These two decades of extensive work to discover, develop and distribute ivermectin helped to significantly reduce human suffering from river blindness. It’s these efforts that were recognized by the 2015 Nobel Prize in Physiology or Medicine, awarded to both William Campbell and Satoshi Omura for their leadership on this groundbreaking research.
Repurposing drugs for other uses
Infectious disease researchers frequently attempt to repurpose antimicrobials and other medications to treat infections. Drug repurposing is attractive because the approval process can happen more quickly and at a lower cost since nearly all of the basic research has already been completed.
In the years since it was approved to treat river blindness, ivermectin was also shown to be highly effective against other parasitic infections. This includes strongyloidiasis, an intestinal roundworm infection that affects an estimated 30 to 100 million people worldwide.
Another example is amphotericin B, originally approved to treat human yeast and mold infections. Researchers discovered it can also be an effective treatment for severe forms of leishmaniasis, a parasitic infection prevalent in tropical and subtropical countries.
Likewise, doxycycline is an antibiotic used for a wide variety of human bacterial infections such as pneumonia and Lyme disease. It was later found to also be highly effective in preventing and treating malaria.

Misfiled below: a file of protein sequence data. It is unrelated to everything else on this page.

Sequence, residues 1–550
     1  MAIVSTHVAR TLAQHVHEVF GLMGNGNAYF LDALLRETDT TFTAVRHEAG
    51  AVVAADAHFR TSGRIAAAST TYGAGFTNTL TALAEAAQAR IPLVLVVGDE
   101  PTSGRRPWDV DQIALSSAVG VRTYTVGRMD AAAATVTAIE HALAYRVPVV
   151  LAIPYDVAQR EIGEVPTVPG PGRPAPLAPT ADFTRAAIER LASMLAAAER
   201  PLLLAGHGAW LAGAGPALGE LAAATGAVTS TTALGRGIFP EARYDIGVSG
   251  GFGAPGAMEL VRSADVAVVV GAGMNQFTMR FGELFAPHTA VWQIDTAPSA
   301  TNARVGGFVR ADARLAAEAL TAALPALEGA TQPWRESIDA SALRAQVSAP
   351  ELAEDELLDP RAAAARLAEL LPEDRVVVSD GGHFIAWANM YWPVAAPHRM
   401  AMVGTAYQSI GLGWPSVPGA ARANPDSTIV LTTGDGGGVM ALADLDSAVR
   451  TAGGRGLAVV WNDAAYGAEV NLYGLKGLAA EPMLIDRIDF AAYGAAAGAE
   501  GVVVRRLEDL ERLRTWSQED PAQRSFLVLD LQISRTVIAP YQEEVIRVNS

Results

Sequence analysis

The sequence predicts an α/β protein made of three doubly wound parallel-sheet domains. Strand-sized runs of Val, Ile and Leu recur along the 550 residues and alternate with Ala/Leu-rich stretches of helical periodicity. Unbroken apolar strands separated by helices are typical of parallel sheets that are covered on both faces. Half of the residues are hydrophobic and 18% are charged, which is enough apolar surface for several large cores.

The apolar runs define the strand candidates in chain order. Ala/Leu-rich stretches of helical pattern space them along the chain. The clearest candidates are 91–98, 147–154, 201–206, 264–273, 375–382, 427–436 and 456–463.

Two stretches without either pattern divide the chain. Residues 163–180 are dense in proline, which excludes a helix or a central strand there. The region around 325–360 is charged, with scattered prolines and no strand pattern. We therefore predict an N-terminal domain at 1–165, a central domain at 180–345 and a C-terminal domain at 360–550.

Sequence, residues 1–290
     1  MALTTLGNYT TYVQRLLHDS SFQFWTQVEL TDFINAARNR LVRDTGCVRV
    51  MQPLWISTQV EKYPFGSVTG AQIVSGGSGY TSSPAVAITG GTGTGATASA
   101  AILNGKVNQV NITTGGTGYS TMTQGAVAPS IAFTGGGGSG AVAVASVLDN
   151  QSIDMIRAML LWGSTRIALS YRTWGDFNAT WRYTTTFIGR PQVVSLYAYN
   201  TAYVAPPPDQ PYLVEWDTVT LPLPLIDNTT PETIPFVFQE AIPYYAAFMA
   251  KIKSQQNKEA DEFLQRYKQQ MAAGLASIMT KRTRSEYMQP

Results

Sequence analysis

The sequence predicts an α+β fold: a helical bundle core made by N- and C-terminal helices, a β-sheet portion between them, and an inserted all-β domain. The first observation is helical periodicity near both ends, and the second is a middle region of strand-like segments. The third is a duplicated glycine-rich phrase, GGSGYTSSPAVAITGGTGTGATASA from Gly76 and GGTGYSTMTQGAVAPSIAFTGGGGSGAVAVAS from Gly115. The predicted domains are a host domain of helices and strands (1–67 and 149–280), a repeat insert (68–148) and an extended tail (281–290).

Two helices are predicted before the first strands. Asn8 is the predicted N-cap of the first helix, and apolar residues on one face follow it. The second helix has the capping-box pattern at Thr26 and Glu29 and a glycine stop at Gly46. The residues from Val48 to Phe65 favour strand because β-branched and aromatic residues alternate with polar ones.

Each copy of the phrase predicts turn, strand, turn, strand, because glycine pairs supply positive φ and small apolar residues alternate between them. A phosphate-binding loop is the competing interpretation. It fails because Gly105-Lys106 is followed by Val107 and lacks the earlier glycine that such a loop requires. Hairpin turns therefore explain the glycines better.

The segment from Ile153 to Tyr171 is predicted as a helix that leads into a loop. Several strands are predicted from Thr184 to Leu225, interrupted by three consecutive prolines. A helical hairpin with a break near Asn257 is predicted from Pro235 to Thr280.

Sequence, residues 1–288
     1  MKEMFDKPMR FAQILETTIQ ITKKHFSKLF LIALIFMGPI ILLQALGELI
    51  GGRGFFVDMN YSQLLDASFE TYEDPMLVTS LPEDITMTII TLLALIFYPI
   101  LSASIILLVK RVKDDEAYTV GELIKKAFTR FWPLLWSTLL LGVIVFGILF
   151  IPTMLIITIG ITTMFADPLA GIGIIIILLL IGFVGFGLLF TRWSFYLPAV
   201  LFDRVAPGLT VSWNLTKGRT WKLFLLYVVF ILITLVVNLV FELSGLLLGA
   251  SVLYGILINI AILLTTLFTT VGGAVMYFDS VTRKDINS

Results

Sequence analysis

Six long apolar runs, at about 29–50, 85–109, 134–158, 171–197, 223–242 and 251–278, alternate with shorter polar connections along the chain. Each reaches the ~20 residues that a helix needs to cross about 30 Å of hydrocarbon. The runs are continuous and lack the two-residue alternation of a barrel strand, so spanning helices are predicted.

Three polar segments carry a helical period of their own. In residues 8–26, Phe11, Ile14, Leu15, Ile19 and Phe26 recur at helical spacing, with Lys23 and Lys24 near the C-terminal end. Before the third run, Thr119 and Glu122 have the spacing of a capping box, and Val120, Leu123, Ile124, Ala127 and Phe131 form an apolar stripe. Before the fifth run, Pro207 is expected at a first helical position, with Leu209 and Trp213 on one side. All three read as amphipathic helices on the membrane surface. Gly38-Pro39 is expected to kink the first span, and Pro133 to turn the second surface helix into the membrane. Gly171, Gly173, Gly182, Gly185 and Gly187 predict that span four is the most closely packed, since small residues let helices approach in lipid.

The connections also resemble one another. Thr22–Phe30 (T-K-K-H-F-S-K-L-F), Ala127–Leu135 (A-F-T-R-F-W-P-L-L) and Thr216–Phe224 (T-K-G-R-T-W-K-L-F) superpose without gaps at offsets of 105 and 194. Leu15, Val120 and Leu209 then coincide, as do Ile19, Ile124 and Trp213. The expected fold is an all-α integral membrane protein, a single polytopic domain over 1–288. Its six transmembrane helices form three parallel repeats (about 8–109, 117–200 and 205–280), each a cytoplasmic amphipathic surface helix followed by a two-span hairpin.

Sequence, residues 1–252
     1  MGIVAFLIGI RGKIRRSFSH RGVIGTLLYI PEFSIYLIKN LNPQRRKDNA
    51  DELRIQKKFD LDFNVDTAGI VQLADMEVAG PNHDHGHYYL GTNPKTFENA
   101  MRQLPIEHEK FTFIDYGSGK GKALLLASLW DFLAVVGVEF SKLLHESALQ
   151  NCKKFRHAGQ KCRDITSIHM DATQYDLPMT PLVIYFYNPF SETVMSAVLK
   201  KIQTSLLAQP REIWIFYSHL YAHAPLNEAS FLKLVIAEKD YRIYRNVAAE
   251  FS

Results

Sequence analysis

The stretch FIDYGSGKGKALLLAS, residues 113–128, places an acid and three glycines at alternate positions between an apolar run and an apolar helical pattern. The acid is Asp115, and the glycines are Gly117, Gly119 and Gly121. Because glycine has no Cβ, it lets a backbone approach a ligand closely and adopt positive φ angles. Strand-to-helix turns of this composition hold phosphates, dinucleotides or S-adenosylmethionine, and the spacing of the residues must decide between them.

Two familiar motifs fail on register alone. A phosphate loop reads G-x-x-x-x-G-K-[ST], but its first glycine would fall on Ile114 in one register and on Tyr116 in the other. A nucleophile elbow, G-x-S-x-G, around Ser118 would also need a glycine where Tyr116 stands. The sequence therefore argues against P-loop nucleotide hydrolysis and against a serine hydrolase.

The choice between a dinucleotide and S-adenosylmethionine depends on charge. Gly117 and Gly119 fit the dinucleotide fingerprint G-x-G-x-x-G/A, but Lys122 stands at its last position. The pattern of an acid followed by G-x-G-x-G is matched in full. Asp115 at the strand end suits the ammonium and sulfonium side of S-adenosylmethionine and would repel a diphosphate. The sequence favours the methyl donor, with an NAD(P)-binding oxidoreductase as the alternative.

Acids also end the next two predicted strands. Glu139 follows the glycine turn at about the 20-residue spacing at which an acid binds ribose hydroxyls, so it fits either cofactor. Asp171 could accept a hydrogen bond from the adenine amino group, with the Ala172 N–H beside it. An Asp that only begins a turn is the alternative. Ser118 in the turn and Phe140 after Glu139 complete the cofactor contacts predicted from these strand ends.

Repurposing drugs for COVID-19
Not every attempt at repurposing a drug works as hoped, however.
At the start of the pandemic, scientists and doctors tried to find inexpensive medications to repurpose for the treatment and prevention of COVID-19. Chloroquine and hydroxychloroquine were two of those drugs. They were chosen because of possible antiviral effects documented in laboratory studies and limited anecdotal case reports from the first COVID-19 outbreaks in China. However, large clinical studies of these drugs to treat COVID-19 did not translate to any meaningful benefits. This was partly due to the serious toxic effects patients experienced before the drugs reached a high enough dose to inhibit or kill the virus.
Unfortunately, lessons from these failed attempts have not been applied to ivermectin. The false hope around using ivermectin to treat COVID-19 originated from an April 2020 laboratory study in Australia. Although the results from this study were widely circulated, I immediately had serious doubts. The concentration of ivermectin they tested was 20 to 2,000 times higher than the standard dosages used to treat human parasitic infections. Indeed, many other pharmaceutical experts confirmed my initial concerns within a month of the paper’s publication. Such high concentrations of the drug could be significantly toxic.